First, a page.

11,019 research outputs found

    Why They Say No (Casi— No ): Countries that Reject Legalized Casino Gambling

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    Most world venues have legalized casino gambling. Indeed, the numbers of venues has been growing rapidly. In 1986, seventy-seven nations permitted legal casino gambling; in 1996, 109; while recent reports indicate 132 countries have casinos. Nonetheless, there are several cases of jurisdictions rejecting the legalization of casinos. This article seeks to find common reasons for the rejections, and examines the following ten venues: Bhutan, Brazil, Japan, Liechtenstein, Iceland, India, Ireland, Israel, Mexico, and Norway. The study utilizes a framework from the book The Last Resort: Success and Failure in Campaigns for Casinos, by John Dombrink and William N. Thompson. The authors developed a “Veto Model” for explaining why American states rejected casinos in the decades before 1990. Major veto factors influencing casino campaign outcomes included: (1) the economic conditions and state experiences with gambling, (2) the position of political and business elites, and other gaming interests; (3) campaign sponsorship; and (4) whether the dominant issue in a campaign was economics or crime and social problems. For successful campaigns (e.g. Atlantic City, 1976), all factors had to be supportive of casinos

    Commentary on: Curley LJ, Munro J, Lages M, MacLean R, Murray J. Assessing cognitive bias in forensic decisions: a review and outlook. J Forensic Sci doi: 10.1111/1556-4029.14220. Epub 2019 Nov 6.

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    In their recent critical review titled “Assessing Cognitive Bias in Forensic Decisions: A Review and Outlook,” Curley et al. 1 offer a confused and incomplete discussion of “task relevance” in forensic science. Their failure to adopt a clear and appropriate definition of “task relevance” undermines the central conclusion of their article—the assertion that it is not necessarily an error for forensic scientists to rely on task-irrelevant information and that “task-irrelevant contextual information may sometimes aid forensic decision makers.” This conceptual flaw in the article becomes clear when we define “task relevance” appropriately, in the manner it was defined by the U.S. National Commission on Forensic Science 2. The Commission’s definition provides a bright-line standard for distinguishing contextual information that is helpful and should be considered from contextual information that is unhelpful and should not be considered. Once that matter is clarified, it becomes possible to discuss intelligently whether steps should be taken to minimize examiners’ exposure to task-irrelevant information in order to reduce the potential for contextual bias.This letter to the editor is published as Thompson, William C. "Commentary on: Curley LJ, Munro J, Lages M, MacLean R, Murray J. Assessing cognitive bias in forensic decisions: a review and outlook. J Forensic Sci." Journal of forensic sciences 65, no. 2 (2020): 666-667. Posted with permission of CSAFE.</p

    Searching the UVSP database and a list of experiments showing mass motions

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    Since the Solar Maximum Mission (SMM) satellite was launched, a large database has been built up of experiments using the Ultraviolet Spectrometer and Polarimeter (UVSP) instrument. Access to this database can be gained through the SMM Vax 750 computer at Goddard Space Flight Center. One useful way to do this is with a program called USEARCH. This program allows one to make a listing of different types of UVSP experiments. It is evident that this program is useful to those who would wish to make use of UVSP data, but who don't know what data is available. Therefore it was decided to include a short description of how to make use of the USEARCH program. Also described, but not included, is a listing of all UVSP experiments showing mass motions in prominences and filaments. This list was made with the aid of the USEARCH program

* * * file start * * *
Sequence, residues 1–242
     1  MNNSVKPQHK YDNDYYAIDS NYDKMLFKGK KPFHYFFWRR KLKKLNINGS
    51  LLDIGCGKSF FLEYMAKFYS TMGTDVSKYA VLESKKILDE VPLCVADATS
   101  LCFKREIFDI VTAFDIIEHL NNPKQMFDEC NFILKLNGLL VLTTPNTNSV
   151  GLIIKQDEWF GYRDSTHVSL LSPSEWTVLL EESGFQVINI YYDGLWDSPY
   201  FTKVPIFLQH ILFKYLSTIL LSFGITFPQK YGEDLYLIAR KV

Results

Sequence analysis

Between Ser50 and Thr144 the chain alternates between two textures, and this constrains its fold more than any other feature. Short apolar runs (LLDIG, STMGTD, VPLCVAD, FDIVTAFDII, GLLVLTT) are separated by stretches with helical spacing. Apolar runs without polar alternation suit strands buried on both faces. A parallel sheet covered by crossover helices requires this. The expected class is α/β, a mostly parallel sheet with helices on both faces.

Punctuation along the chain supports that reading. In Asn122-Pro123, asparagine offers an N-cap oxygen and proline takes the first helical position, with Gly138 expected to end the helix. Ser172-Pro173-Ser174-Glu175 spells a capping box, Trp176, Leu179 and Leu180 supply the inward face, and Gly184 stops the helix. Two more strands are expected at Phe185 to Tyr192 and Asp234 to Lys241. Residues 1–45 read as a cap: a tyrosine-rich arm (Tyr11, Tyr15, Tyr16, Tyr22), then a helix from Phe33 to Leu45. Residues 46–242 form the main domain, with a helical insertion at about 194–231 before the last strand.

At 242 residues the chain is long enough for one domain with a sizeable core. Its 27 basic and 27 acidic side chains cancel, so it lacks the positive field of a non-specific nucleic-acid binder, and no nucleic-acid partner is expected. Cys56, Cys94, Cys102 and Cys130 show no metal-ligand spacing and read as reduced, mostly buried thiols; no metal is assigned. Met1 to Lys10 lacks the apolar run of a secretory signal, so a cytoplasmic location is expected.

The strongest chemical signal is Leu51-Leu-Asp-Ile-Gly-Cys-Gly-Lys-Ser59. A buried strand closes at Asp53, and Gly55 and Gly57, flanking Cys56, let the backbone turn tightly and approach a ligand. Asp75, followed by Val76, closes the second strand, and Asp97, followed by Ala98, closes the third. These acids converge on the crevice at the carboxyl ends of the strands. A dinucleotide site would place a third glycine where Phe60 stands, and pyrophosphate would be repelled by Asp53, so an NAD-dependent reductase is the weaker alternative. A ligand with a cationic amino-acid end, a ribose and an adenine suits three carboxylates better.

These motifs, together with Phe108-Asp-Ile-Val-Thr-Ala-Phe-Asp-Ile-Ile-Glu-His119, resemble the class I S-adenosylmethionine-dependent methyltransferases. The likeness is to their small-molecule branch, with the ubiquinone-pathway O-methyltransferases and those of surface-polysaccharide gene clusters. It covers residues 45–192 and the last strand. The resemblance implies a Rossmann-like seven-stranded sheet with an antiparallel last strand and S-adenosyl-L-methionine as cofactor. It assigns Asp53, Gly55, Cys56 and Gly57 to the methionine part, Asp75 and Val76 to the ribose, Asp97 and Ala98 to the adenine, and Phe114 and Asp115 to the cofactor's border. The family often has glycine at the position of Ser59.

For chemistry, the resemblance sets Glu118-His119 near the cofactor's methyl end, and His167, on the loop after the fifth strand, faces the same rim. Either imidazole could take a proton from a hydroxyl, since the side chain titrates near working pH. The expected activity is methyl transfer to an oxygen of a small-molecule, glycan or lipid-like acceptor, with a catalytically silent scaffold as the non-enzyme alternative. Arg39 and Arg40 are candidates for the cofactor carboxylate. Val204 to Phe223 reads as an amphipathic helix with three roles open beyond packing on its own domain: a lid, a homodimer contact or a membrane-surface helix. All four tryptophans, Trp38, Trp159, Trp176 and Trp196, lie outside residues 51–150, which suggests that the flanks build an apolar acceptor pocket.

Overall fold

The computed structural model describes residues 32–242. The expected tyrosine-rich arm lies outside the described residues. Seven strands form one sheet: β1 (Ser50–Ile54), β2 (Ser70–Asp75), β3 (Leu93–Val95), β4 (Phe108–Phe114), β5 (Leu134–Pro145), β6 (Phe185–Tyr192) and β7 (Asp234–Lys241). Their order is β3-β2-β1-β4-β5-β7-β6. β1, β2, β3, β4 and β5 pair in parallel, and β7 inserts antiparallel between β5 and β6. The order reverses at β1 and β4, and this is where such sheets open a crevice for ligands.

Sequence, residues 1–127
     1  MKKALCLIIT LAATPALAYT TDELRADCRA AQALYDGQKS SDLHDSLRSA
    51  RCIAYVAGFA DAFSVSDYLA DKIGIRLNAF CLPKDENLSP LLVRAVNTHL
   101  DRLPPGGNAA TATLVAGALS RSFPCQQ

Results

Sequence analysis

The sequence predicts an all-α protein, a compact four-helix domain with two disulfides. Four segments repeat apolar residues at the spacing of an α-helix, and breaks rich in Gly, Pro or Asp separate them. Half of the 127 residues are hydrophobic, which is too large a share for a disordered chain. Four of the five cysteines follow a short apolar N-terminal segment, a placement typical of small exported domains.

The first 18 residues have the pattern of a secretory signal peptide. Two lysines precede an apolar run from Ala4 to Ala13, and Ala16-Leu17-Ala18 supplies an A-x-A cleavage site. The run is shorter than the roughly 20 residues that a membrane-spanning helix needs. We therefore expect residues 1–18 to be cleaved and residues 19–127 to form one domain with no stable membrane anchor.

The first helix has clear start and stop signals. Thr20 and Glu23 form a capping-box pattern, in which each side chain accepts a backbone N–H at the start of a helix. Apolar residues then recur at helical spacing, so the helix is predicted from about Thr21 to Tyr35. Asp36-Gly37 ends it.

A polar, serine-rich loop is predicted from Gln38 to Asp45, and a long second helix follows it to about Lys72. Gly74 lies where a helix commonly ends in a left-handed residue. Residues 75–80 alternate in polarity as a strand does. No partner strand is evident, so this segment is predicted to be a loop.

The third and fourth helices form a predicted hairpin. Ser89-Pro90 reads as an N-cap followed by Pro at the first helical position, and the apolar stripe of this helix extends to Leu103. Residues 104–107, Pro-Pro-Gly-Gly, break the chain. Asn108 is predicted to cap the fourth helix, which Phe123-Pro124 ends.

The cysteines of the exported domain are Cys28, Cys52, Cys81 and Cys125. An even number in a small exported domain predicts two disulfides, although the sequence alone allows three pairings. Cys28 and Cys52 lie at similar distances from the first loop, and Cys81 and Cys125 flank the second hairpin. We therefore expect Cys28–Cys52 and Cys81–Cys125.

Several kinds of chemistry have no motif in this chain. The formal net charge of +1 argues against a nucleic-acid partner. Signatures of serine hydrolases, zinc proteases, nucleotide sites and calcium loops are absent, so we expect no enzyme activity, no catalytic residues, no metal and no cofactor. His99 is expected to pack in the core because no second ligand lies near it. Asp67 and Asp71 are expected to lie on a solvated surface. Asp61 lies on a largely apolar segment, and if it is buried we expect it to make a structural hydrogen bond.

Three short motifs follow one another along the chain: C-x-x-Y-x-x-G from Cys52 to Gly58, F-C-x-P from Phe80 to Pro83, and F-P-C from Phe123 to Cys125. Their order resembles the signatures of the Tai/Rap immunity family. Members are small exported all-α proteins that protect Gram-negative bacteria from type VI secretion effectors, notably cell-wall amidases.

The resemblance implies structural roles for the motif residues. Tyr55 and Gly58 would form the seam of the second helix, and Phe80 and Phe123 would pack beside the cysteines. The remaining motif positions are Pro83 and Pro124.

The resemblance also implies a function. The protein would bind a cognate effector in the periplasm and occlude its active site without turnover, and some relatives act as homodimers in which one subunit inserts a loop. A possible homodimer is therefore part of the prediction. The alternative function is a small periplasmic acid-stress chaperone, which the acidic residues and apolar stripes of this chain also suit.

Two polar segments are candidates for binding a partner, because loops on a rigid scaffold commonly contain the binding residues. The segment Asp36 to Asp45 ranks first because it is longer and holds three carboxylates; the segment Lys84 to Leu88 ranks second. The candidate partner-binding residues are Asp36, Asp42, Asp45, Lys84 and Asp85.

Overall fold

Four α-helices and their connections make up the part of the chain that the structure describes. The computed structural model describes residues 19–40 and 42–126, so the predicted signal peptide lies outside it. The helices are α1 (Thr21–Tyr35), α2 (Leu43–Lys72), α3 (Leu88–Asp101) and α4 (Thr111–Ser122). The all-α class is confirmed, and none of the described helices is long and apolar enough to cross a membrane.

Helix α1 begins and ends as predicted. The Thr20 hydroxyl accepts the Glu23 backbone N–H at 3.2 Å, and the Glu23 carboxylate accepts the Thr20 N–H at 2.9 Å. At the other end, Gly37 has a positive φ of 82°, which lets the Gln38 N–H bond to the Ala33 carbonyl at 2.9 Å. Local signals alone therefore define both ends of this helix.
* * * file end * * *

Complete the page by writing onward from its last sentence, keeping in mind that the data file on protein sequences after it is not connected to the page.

Data compression applied to HHVT

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    A task order was written by the High Resolution, High Frame Rate Video Technology (HHVT) project engineers to study data compression techniques that could be applied to the HHVT system. Specifically, the goals of the HHVT data compression study are to accomplish the following: (1) Determine the downlink capabilities of the Space Shuttle and Space Station Freedom to support HHVT data (i.e., determine the maximum data rates and link availability); (2) Determine current and projected capabilities of high speed storage media to support HHVT data by determining their maximum data acquisition/transmission rates and volumes; (3) Identify which experiment in the HHVT Users' Requirement data base need data compression, based on the experiments' imaging requirements; (4) Select the best data compression technique for each of these users by identifying a technique that provides compression but minimizes distortion; and (5) Investigate state-of-the-art technologies for possible implementation of selected data compression techniques. Data compression will be needed because of the high data rates and larger volumes of data that will result from the use of digitized video onboard the Space Shuttle and Space Station Freedom

    The Economic Impacts of Native American Gaming in Wisconsin

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    An input-output model is utilized to assesses the economic impact of gambling in Native American casinos in Wisconsin. Important facts include interview information from 697 players. Positive economic gains discovered for local casino areas are offset by losses to other parts of the state and by losses due to social costs
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